Hwy 12 and the Not so Solitary Solitaires
We took a trip up Hwy 12 today, planning on heading for Clear Lake. Turns out there is road construction just this side of Rimrock Lake with "30 minute wait times possible," so we got as far as the construction zone and turned back.
What was remarkable about our trip were the Townsend Solitaires. They were at almost every pullout that we stopped at. I went conservative on EBird and reported a total of 6 (two at the Tieton Nature Trail), but I would say that there were several more than that. Normally I am happy just to see one or two. Anyway, if you are looking for Townsend's Solitaire, give Hwy 12 a try.
We also found some nice birds at the Tieton River Nature Trail, including a Ruffed grouse (thank you, Richard), and had great looks at a female Black-backed woodpecker on Wildcat road.
Karen and Joe Zook
"What was remarkable about our trip were the Townsend Solitaires. They were at almost every pullout that we stopped at. I went conservative on EBird and reported a total of 6 (two at the Tieton Nature Trail), but I would say that there were several more than that. Normally I am happy just to see one or two. Anyway, if you are looking for Townsend's Solitaire, give Hwy 12 a try."
I was out at Wenas Lake yesterday afternoon Bostick Birding (in the movie the big year, Owen Wilson's character, Kenny Bostick, lets other birders battle the elements on the remote Alaskan island, Attu , to find birds missing from his list then he swoops in to tick 'em). Exploring eBird data, I noted that Jeff had spotted a Common Loon at the lake so I dashed out and spotted the crisply breeding plumage bird.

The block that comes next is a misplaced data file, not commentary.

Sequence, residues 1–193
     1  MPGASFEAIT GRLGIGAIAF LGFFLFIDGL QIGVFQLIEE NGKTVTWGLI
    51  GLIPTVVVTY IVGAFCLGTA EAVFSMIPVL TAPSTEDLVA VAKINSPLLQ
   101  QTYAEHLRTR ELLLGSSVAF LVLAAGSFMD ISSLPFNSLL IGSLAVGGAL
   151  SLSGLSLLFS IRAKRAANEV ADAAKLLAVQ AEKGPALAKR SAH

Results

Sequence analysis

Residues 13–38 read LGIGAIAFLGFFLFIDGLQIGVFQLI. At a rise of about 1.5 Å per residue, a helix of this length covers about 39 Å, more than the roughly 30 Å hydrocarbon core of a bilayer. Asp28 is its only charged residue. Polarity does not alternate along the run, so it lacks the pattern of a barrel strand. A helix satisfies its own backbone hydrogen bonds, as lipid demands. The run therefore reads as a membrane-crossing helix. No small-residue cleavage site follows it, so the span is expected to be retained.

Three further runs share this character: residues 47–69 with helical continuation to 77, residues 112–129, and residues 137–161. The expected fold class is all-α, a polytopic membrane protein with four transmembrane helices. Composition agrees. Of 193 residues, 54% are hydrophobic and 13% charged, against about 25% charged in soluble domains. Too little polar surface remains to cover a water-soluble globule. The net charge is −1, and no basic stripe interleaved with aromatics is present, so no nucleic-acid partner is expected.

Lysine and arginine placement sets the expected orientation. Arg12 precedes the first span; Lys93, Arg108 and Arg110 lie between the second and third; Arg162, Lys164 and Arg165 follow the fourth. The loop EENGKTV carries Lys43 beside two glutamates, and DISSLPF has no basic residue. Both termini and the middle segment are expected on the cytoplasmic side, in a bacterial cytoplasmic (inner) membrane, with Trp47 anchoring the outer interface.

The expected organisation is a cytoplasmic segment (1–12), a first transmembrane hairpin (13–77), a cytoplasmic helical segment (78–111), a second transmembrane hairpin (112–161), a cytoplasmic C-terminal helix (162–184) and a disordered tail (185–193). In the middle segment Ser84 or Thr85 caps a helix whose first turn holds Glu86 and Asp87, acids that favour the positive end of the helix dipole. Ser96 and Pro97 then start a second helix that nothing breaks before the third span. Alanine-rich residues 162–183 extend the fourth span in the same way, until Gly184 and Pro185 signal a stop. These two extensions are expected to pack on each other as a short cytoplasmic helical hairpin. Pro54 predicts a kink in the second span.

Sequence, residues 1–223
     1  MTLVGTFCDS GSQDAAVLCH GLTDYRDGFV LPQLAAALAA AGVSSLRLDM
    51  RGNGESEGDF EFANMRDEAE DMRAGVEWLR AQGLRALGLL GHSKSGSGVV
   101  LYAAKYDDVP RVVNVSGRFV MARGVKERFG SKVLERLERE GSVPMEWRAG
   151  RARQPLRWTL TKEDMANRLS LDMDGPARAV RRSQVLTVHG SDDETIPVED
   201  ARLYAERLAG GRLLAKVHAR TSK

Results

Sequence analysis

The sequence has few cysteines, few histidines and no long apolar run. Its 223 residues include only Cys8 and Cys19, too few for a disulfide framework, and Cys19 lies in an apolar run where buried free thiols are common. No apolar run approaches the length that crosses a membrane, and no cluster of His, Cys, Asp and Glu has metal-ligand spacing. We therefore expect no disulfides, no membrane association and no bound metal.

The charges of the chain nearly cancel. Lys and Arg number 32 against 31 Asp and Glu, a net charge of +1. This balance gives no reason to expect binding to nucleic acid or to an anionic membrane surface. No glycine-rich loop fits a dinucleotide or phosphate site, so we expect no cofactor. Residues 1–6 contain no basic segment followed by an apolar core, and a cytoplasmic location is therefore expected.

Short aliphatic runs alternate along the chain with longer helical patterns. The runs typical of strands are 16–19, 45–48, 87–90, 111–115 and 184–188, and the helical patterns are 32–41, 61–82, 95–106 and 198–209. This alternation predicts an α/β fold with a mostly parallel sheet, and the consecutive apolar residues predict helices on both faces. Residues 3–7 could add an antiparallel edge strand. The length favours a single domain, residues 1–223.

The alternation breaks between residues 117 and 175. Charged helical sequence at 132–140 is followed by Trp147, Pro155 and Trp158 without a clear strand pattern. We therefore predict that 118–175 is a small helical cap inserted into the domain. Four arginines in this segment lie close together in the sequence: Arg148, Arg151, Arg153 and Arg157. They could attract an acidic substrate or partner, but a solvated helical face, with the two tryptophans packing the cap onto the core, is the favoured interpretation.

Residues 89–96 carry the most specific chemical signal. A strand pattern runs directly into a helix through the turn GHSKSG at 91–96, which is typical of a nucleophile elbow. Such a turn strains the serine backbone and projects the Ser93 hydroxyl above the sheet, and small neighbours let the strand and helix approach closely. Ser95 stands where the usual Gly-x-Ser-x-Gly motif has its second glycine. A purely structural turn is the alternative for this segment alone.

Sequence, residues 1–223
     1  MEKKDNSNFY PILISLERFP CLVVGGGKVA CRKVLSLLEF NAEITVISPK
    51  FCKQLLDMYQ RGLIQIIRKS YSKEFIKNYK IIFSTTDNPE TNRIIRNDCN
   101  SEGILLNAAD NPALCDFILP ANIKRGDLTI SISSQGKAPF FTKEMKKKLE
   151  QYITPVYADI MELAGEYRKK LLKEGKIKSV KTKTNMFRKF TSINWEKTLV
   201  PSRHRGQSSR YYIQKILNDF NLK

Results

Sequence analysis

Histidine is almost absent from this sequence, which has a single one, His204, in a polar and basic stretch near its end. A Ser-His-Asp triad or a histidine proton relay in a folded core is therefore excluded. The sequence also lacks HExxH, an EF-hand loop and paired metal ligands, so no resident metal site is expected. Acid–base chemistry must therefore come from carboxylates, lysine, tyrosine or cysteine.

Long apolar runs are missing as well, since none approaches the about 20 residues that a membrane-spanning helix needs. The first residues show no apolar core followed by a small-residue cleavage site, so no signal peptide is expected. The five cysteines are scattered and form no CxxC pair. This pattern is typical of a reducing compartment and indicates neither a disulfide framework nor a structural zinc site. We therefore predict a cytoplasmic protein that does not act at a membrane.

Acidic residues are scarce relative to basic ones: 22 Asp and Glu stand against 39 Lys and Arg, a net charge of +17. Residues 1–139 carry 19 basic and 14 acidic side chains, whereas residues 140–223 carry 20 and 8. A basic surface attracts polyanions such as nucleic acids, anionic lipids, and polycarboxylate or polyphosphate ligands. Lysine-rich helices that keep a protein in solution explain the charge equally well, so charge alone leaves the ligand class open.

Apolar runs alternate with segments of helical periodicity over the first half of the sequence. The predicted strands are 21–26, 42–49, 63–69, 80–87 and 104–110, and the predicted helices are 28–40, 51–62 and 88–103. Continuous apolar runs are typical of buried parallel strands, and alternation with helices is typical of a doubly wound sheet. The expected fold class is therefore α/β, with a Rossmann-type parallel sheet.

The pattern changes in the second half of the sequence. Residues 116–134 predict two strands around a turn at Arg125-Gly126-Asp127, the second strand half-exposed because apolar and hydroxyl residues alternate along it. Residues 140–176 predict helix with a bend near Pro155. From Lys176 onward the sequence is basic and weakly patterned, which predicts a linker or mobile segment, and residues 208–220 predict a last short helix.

While there, a Townsend's Solitaire flew to the top of a short barren bush on the hillside just above the dam; this area was completely burned in a fire last year and that bush was the tallest thing in the immediate area.
After reading of the Zooks' success at spotting Solitaires yesterday, I thought perhaps a wave of migrating Townsend's was sweeping across the county. After all, this species is filed in field guides with thrushes and Yakkers are certainly familiar with flocks of Robins and Bluebirds. Piqued, I decided to check their account in Birds of North America Online. My interpretation of the data presented is that Solitaire is an accurate description indeed. A high elevation breeder, the Solitaires in our area likely drop to lower elevations in the winter to establish individual feeding territories rich in berries, junipers frequently. As early as March, they may begin to test the waters with daily flights towards or into suitable breeding habitat but generally fall back to the feeding territory. They do not flock but the amount of light or local conditions must trigger individuals to move during a similar time frame. I have a faint memory of hitting what seemed to be a flock of Solitaires along Audubon Road with John Hebert one time...believe it was in the fall.
Befuddled Bostic Birder by Bonnie Boon
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